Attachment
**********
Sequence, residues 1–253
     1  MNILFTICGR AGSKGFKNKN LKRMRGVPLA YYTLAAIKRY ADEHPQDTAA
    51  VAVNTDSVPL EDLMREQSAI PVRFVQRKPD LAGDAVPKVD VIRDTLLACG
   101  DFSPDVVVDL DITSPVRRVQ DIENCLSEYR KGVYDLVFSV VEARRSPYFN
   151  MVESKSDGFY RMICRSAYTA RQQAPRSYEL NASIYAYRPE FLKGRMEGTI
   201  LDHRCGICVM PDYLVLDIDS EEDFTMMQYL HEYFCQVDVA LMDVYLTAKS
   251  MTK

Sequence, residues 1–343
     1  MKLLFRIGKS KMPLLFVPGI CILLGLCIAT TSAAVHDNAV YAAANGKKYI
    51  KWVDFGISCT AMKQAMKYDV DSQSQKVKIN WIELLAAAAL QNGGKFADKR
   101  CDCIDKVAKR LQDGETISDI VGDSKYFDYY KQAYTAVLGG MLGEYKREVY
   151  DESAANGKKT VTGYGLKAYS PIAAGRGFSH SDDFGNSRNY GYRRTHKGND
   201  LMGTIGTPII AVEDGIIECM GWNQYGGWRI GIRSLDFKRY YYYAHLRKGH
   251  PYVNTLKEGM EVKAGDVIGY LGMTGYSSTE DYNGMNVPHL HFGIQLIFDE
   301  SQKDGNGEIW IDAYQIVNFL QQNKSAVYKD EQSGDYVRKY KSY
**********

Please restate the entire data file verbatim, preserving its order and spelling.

Sequence, residues 1–253
     1  MNILFTICGR AGSKGFKNKN LKRMRGVPLA YYTLAAIKRY ADEHPQDTAA
    51  VAVNTDSVPL EDLMREQSAI PVRFVQRKPD LAGDAVPKVD VIRDTLLACG
   101  DFSPDVVVDL DITSPVRRVQ DIENCLSEYR KGVYDLVFSV VEARRSPYFN
   151  MVESKSDGFY RMICRSAYTA RQQAPRSYEL NASIYAYRPE FLKGRMEGTI
   201  LDHRCGICVM PDYLVLDIDS EEDFTMMQYL HEYFCQVDVA LMDVYLTAKS
   251  MTK

Sequence, residues 1–343
     1  MKLLFRIGKS KMPLLFVPGI CILLGLCIAT TSAAVHDNAV YAAANGKKYI
    51  KWVDFGISCT AMKQAMKYDV DSQSQKVKIN WIELLAAAAL QNGGKFADKR
   101  CDCIDKVAKR LQDGETISDI VGDSKYFDYY KQAYTAVLGG MLGEYKREVY
   151  DESAANGKKT VTGYGLKAYS PIAAGRGFSH SDDFGNSRNY GYRRTHKGND
   201  LMGTIGTPII AVEDGIIECM GWNQYGGWRI GIRSLDFKRY YYYAHLRKGH
   251  PYVNTLKEGM EVKAGDVIGY LGMTGYSSTE DYNGMNVPHL HFGIQLIFDE
   301  SQKDGNGEIW IDAYQIVNFL QQNKSAVYKD EQSGDYVRKY KSY